Older people are sometimes incorrectly categorized as “senile” or “rigid in thought.” And ageism is an ever-so-subtle process that almost forces the younger generations to view older people as truly different from themselves. Thus, they sometimes cease to identify with their elders as human beings, according to the article.

Butler’s article went on to talk about workplace discrimination that is based on a person’s age: “… unlike the rules that apply to workers who have been discriminated against due to race, sex, nationality, and religion, older workers must now prove that age was the decisive factor, making it far more difficult to prove their case …”

“The interesting reason being, while some things are permanent, such as sex or race, age is a changing factor that is like a moving target; so, to prove ageism, you have to show this was a motivating factor in an adverse employment decision and that the same decision would have been made without considering the employee’s age. Also, many stay in the workforce due to making ends meet or to save more for retirement,” the article stated. Here are a few more statistics from Butler’s article.

  • Only 29 percent of non-retirees surveyed say they have, or are close to having, enough money to retire comfortably.
  • Twenty-nine percent also say they will have to work for a number of years more to retire comfortably, with 36 percent unsure when they will actually be able to retire.
  • Among retirees, 16 percent say that they may need to return to work.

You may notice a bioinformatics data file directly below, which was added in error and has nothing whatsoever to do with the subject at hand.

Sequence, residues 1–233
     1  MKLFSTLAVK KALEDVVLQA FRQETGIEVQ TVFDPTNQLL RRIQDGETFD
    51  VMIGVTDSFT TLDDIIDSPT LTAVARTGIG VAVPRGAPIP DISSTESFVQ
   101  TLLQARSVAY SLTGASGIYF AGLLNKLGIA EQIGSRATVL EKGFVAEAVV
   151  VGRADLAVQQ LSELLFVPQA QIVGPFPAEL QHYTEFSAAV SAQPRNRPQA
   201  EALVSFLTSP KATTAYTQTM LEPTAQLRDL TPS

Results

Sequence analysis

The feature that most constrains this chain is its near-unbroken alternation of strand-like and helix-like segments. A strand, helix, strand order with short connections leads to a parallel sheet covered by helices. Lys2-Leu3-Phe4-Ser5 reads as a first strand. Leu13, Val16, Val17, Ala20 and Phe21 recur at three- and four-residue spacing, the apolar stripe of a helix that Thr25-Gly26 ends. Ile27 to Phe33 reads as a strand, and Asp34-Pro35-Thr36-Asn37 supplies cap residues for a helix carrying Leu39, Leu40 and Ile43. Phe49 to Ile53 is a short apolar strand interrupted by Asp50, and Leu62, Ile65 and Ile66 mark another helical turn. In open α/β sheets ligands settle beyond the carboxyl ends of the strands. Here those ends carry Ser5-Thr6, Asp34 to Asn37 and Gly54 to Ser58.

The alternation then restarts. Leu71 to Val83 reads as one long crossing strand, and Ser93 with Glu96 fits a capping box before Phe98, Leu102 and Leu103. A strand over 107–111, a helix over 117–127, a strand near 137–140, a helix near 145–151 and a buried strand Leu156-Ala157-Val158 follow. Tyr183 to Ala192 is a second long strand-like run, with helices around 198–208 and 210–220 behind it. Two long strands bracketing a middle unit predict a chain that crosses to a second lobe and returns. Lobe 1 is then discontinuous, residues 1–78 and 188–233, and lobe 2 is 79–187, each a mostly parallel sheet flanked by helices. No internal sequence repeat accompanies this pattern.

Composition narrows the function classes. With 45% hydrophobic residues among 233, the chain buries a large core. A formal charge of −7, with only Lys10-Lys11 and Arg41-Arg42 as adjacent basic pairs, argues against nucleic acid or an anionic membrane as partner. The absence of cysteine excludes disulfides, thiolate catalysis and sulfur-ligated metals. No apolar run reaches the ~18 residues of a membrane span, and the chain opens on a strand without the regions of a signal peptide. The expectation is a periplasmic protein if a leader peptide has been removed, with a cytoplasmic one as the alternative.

In other words, we are saturating the workforce trying to get back in while we fight this upward battle of ageism. We need to seek out the company culture that will value our years of experience as a plus, according to Butler’s article. (For additional information on ageism, visit http://www.disabled-world.com/editorials/ageism.php.)

That’s fine for the mature worker who already has a job, but, what about the mature job candidate who is trying to find a new job? Are there any laws to protect him or her?

“It is hard to really provide facts that you didn’t get a job because of your age,” says Laurie McCann, American Association of Retired Persons (AARP) Foundation Senior Litigation Attorney. But, “being aware of your rights is your best protection,” she added. (For more tips on ageism in the workplace, read Laurie’s column There’s a Lawsuit Here: Five Tips For Older Jobseekers.)   or check the link  http://management.fortune.cnn.com/2011/06/21/age-discrimination-at-work-how-to-fight-back/

After doing all this research on the subject of ageism, something started to occur to me. Now, don’t get me wrong, I am not comparing my recent strife involving my lengthy job search to those who suffered racial discrimination during the American Civil Rights Movement, or even to the extent of what was happening in the summer of 1963, but, something just seems a bit off to me when it comes to trying to find suitable work these days.